Assuming that \(d(x_{n},x^{\ast })\rightarrow 0\), getting (better) upper estimates for \(d(x_{n},x^{\ast })\) depends on the proof, including the author’s ability to majorize certain expressions. Surely, *the best available estimates are* exactly *those obtained by the authors in their proofs*.

The use of Berinde’s method for comparing the speeds of convergence is very subjective. It is analogue to deciding that \(a/b\leq c/d\) knowing only that \(0< a\leq c\) and \(0< b\leq d\)!

Taking \(a_{n}\) and \(b_{n}\) defined by (1) in [15, Definition 2.7], one obtains Definition 3.5 of Popescu from [75].^{Footnote 4} Popescu’s definition is used explicitly by Rhoades and Xue (see [81, p. 3]), but they wrongly attribute it to [15]; this attribution is wrong because [75, Definition 3.5] reduces to [15, Definition 2.5] only in the case in which the involved normed vector space is \(\mathbb{R}\). Note that Rhoades knew about Popescu’s definition because [75] is cited in [77, p. 2].

Notice that Popescu’s definition is extended to metric spaces by Berinde, Khan, and Păcurar in [20, p. 32], as well as by Fukhar-ud-din and Berinde in [31, p. 228]; also observe that Popescu’s paper [75] is not cited in [20] and [31].

Even if in [15] it is not defined when two iteration schemes have the same rate of convergence, Dogan and Karakaya obtained that “the iteration schemes \(\{k_{n}\}_{n=0}^{\infty }\) and \(\{l_{n}\}_{n=0}^{\infty }\) have the same rate of convergence to *p* of ℘” in [27, Theorem 2.4]; the proof of [27, Theorem 2.4] is based on the fact that they found the same upper estimates for \(\Vert k_{n+1}-p \Vert \) and \(\Vert l_{n+1}-p \Vert \) when \(l_{0}=k_{0}\).

Accepting such an argument and taking \(a_{n}:=b_{n}:=d(x_{n},x^{\ast })+d(y_{n},x^{\ast })+\frac{1}{n}\) in the proof of Proposition 1, one should obtain that any pair of sequences \((x_{n})_{n\geq 1}\), \((y_{n})_{n\geq 1}\subset (X,d)\) with the same limit \(x^{\ast }\in X\) have the same rate of convergence.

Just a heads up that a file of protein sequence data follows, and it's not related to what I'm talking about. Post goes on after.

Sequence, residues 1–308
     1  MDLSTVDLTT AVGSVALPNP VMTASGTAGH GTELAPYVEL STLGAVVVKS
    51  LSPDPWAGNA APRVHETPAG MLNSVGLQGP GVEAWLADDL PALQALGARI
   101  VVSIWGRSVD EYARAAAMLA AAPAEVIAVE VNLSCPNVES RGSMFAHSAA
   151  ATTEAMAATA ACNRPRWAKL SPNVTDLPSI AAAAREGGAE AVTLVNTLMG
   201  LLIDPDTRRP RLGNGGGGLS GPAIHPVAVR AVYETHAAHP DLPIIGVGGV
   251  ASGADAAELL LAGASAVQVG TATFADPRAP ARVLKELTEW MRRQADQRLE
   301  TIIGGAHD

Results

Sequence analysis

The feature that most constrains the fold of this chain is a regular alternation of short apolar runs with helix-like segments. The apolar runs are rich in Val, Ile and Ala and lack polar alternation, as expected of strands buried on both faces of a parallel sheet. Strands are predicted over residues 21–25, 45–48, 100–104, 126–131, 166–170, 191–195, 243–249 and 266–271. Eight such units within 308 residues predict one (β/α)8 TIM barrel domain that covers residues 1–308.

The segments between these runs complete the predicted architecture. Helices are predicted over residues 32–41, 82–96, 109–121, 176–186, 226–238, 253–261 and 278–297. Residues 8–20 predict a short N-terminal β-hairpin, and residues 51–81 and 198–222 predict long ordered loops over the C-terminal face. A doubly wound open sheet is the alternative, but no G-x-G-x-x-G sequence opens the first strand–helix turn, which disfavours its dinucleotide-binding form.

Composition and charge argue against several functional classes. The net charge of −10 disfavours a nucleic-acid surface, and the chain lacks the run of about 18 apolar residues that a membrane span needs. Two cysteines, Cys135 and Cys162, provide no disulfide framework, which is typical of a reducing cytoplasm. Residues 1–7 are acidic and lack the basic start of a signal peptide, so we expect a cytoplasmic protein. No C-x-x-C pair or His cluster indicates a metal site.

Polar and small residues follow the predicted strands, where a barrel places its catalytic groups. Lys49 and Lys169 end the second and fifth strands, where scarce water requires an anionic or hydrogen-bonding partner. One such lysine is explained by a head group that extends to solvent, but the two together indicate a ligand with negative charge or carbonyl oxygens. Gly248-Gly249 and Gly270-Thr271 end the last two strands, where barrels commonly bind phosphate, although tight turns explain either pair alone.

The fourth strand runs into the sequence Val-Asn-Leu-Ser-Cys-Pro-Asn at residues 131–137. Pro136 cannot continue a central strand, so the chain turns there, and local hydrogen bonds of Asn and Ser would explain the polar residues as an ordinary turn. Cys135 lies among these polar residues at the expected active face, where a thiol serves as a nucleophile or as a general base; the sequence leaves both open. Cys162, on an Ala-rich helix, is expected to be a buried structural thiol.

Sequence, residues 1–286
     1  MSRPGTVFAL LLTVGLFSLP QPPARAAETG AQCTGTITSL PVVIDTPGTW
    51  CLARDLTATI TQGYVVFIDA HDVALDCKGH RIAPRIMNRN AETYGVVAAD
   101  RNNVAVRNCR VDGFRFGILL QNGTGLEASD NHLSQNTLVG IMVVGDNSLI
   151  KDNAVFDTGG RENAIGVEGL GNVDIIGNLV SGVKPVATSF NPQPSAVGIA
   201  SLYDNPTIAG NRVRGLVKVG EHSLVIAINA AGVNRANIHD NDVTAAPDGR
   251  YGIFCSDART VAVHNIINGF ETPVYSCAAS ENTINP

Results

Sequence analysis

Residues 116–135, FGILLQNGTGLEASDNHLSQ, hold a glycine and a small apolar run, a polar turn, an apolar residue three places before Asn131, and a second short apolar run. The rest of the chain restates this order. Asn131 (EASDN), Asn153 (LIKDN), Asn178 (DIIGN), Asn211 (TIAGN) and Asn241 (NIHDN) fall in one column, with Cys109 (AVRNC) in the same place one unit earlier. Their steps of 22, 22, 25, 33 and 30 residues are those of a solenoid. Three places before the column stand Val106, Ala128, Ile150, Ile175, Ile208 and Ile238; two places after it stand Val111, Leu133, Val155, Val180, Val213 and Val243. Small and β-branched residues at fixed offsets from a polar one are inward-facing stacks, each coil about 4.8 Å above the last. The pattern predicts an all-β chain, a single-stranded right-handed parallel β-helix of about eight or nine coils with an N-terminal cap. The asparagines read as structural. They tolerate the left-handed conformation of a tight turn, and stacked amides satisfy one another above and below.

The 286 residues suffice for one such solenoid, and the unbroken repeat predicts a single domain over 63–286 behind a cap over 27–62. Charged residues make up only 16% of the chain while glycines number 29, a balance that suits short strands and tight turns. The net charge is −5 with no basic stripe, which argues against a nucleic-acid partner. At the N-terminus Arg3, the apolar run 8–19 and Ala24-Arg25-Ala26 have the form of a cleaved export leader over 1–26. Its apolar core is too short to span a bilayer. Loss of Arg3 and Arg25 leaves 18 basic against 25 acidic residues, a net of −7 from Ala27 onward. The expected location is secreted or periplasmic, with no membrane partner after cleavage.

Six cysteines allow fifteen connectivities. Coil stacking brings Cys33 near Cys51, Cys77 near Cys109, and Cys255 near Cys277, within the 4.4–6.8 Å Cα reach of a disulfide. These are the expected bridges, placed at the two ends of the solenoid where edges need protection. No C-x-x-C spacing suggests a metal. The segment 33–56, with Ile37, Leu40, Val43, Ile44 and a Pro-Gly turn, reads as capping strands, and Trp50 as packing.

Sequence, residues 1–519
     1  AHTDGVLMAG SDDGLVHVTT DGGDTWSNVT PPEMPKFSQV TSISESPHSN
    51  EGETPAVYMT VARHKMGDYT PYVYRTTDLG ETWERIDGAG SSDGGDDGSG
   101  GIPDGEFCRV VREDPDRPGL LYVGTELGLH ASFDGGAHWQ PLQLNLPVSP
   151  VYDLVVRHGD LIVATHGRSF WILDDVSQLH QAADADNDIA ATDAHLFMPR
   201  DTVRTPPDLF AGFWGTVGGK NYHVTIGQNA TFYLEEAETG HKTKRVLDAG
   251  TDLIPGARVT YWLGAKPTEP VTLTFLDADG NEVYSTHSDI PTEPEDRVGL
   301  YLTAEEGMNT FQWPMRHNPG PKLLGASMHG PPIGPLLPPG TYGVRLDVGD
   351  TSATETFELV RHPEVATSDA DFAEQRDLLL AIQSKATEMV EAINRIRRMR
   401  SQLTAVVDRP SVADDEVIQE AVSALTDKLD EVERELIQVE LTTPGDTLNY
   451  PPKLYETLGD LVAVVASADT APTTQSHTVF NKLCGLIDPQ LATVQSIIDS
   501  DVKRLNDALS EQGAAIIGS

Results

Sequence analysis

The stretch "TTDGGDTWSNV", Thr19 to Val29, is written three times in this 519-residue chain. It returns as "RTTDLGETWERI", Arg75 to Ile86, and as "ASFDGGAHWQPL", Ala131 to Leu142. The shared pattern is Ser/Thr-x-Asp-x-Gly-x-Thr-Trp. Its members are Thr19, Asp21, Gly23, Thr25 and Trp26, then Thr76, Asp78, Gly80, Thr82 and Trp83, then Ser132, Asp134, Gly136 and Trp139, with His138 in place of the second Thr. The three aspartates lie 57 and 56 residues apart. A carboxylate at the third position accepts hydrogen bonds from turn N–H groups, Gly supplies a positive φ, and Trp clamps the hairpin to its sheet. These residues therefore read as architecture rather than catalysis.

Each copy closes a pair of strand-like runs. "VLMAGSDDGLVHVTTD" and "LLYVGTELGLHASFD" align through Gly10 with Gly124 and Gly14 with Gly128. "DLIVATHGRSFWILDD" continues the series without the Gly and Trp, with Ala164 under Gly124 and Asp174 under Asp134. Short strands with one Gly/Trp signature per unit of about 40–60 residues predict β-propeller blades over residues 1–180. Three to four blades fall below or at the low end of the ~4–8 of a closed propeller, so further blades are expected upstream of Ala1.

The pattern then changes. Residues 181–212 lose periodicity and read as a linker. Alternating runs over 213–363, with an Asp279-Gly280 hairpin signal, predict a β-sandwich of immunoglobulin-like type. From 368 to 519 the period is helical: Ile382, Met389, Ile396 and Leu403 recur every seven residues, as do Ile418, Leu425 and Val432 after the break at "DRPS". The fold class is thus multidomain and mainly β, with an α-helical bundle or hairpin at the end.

Recall that Rhoades in [80, pp. 742, 743] says that having “\(\{x_{n}\}\), \(\{z_{n}\}\) two iteration schemes which converge to the same fixed point *p*, we shall say that \(\{x_{n}\}\) is better than \(\{z_{n}\}\) if \(\vert x_{n}-p \vert \leq \vert z_{n}-p \vert \) for all *n*”; having in view the previous definition and [15, Example 2.8], Berinde claims that “The previous example shows that Definition 2.7 introduces a sharper concept of rate of convergence than the one considered by Rhoades [11]”. In this context we propose the following definition.

### Definition 2

Let \((X,d)\) be a metric space, and let \((x_{n})_{n\geq 1}\), \((y_{n})_{n\geq 1}\subset (X,d)\), and \(x,y\in X\) be such that \(x_{n}\rightarrow x\), \(y_{n}\rightarrow y\). One says that \((x_{n})\) converges better to *x* than \((y_{n})\) to *y* if there exists some \(\alpha >0\) such that \(d(x_{n} ,x)\leq \alpha d(y_{n},y)\) for sufficiently large *n*; one says that \((x_{n})\) and \((y_{n})\) have the same rate of convergence if \((x_{n})\) converges better to *x* than \((y_{n})\) to *y*, and \((y_{n})\) converges better to *y* than \((x_{n})\) to *x*.

Using the conventions \(\frac{0}{0}:=1\) and \(\frac{\alpha }{0}:=\infty \) for \(\alpha >0\), [\((x_{n})\) converges better to *x* than \((y_{n})\) to *y*] if and only if \(\limsup_{n\rightarrow \infty }\frac{d(x_{n},x)}{d(y_{n},y)}<\infty \); consequently, [\((x_{n})\) and \((y_{n})\) have the same rate of convergence] (in the sense of Definition 2) if and only if \(0<\liminf_{n\rightarrow \infty }\frac{d(x_{n},x)}{d(y_{n},y)}\leq \limsup_{n\rightarrow \infty }\frac{d(x_{n},x)}{d(y_{n},y)}<\infty \).^{Footnote 5}